Kenneth Cole's (NYSE:KCP) second-quarter results didn't make investors happy, and the company's latest figures weren't exactly a crowd-pleaser, either.

Excluding the $7 million benefit from a shift in orders last year, net sales declined 7.3% from the same period a year ago. The biggest hit came from its wholesale business, which dropped 12.5%. The consumer direct business came out flat overall, and there was a 1% drop in same-store sales at retail stores. Rounding out its revenue streams, there was a 2.2% increase in licensing.

CEO Kenneth Cole was none too pleased with the results, saying in the company's quarterly earnings conference call: "I assure you we are not satisfied, and we need to do much better." He went on to illuminate why there is reason for optimism.

One opportunity is expanding the company's international presence. Currently, international royalty revenue represents only 3% of the company's net income; this segment increased 22% in the latest period. We can expect to see Kenneth Cole explore this area further.

The company is also unveiling a new men's sportswear line that is getting good feedback so far. "I believe this will not only be a strong growth initiative, but also a very meaningful branding opportunity," Cole said.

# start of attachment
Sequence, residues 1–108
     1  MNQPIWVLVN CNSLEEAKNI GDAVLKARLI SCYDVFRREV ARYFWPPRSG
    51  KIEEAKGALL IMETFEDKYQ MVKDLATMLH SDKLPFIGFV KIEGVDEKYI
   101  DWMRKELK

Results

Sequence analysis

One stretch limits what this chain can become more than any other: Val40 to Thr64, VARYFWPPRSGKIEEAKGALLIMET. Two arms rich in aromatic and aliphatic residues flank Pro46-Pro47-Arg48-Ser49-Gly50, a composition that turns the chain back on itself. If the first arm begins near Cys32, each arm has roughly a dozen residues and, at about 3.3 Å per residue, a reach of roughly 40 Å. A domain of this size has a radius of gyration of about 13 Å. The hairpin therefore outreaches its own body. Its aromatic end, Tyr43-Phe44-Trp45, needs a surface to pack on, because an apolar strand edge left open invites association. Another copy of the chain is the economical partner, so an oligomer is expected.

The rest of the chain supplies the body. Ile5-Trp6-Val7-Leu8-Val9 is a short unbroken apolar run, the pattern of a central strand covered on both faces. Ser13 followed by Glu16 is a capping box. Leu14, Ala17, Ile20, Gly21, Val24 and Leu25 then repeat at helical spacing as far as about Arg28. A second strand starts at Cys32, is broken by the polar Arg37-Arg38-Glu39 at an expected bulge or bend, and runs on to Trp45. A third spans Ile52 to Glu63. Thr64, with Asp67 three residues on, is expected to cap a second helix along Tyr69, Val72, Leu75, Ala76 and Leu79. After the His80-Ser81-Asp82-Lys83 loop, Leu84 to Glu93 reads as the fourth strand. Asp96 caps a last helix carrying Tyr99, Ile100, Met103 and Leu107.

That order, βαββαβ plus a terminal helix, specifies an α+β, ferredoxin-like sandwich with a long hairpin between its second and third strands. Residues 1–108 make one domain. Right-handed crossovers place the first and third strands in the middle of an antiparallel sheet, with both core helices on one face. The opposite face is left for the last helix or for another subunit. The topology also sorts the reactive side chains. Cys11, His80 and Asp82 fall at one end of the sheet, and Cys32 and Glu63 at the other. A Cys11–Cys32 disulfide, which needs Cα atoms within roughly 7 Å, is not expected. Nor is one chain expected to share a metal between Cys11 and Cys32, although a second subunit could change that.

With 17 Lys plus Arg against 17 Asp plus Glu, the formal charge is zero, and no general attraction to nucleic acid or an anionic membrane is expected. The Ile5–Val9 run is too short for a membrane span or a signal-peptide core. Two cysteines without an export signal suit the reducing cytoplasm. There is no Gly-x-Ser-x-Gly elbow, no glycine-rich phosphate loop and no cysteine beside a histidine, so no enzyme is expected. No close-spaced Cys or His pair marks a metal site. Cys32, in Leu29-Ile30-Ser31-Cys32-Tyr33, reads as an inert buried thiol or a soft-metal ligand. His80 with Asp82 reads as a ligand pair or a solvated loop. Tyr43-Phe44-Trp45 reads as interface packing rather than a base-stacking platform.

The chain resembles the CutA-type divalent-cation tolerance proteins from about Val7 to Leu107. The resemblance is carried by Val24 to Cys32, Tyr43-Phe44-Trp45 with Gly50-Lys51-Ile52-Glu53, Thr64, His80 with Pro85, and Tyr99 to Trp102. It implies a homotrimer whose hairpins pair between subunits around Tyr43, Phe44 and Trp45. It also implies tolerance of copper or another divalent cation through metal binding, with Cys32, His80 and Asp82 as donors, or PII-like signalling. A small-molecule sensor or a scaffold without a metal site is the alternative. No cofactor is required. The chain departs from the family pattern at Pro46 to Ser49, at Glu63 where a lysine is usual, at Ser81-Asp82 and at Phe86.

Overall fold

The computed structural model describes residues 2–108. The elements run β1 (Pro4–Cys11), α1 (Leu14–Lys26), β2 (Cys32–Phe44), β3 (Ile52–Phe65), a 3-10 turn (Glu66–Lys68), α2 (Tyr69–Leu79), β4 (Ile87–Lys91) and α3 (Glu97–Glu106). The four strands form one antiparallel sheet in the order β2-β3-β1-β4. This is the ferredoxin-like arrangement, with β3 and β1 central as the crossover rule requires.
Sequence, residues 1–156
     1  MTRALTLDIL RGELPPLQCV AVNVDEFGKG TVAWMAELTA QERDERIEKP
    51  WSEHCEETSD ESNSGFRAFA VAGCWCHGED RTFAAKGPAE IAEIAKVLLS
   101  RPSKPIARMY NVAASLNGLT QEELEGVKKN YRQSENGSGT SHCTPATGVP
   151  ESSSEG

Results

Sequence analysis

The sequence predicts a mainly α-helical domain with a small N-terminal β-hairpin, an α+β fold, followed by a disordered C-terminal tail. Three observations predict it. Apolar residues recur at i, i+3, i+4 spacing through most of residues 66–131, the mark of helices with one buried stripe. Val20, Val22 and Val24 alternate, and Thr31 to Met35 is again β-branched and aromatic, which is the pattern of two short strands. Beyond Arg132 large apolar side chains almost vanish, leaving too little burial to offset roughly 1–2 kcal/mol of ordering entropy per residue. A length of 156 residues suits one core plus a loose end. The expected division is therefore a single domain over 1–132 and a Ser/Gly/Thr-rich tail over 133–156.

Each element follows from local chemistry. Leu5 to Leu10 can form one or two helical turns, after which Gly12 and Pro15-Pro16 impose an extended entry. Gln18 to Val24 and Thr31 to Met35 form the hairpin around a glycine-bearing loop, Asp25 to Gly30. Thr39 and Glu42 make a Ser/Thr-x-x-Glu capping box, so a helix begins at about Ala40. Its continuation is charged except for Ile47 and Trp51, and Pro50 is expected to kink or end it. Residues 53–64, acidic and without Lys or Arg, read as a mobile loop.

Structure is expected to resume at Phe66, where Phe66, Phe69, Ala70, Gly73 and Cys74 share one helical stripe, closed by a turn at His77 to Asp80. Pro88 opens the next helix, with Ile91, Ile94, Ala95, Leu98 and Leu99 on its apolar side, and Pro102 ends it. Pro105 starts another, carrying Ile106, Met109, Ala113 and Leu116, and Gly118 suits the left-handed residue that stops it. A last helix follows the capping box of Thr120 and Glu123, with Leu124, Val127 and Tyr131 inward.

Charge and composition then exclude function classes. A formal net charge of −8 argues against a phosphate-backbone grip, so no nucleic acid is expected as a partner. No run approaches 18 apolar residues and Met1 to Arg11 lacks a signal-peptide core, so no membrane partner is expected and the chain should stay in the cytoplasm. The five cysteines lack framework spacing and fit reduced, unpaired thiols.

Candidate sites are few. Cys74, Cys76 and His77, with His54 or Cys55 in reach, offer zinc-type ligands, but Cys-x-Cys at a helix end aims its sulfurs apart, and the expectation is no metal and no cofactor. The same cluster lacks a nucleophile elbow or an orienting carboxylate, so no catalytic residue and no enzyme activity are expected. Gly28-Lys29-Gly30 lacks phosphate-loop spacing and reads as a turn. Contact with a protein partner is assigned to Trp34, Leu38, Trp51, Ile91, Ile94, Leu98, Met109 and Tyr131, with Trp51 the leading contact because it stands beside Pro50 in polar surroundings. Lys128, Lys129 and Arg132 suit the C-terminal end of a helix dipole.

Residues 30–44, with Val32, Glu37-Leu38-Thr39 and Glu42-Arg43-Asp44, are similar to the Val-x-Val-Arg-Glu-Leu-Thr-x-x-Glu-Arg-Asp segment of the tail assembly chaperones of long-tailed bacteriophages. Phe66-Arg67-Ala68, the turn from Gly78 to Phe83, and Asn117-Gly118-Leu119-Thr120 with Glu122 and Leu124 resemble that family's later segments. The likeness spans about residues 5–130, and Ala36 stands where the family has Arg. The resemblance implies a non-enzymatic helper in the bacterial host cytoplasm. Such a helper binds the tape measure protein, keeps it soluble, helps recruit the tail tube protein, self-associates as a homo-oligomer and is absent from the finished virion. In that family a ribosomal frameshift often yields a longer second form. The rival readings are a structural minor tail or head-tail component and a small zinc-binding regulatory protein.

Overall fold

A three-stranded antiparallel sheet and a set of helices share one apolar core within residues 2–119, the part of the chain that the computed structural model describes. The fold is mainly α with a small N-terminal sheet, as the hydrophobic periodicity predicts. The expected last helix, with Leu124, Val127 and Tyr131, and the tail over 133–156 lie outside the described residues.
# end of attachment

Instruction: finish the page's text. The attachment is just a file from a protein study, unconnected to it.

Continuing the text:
The area where I see the greatest opportunity is in retail. We need look no further than the recent turnaround successes of Guess? (NYSE:GES) and Polo Ralph Lauren (NYSE:RL) to see how important a strong retail concept can be in driving top- and bottom-line growth. For that reason, I was excited to hear Cole reveal that a new prototype for a retail concept will be unveiled in the first quarter of 2008.

Finally, the company's online business is another growth opportunity. Based on industry standards, Cole believes its Internet enterprise should be at least three times more productive than it is now. Internet sales were up 29% in the quarter.

Kenneth Cole has obvious opportunities, but in my opinion, the real catalyst for growth will kick in when it begins rolling out its newest retail concept in 2008. Assuming consumers buy into the new concept, its retail business may be what unlocks value for all of its ventures.

I don't see any reason to rush into Kenneth Cole's stock at this time, but it does warrant further investigation, particularly in early 2008, when the new prototype stores are open for business.

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Fool contributor Jeremy MacNealy has no financial interest in any company mentioned. The Motley Fool has a disclosure policy.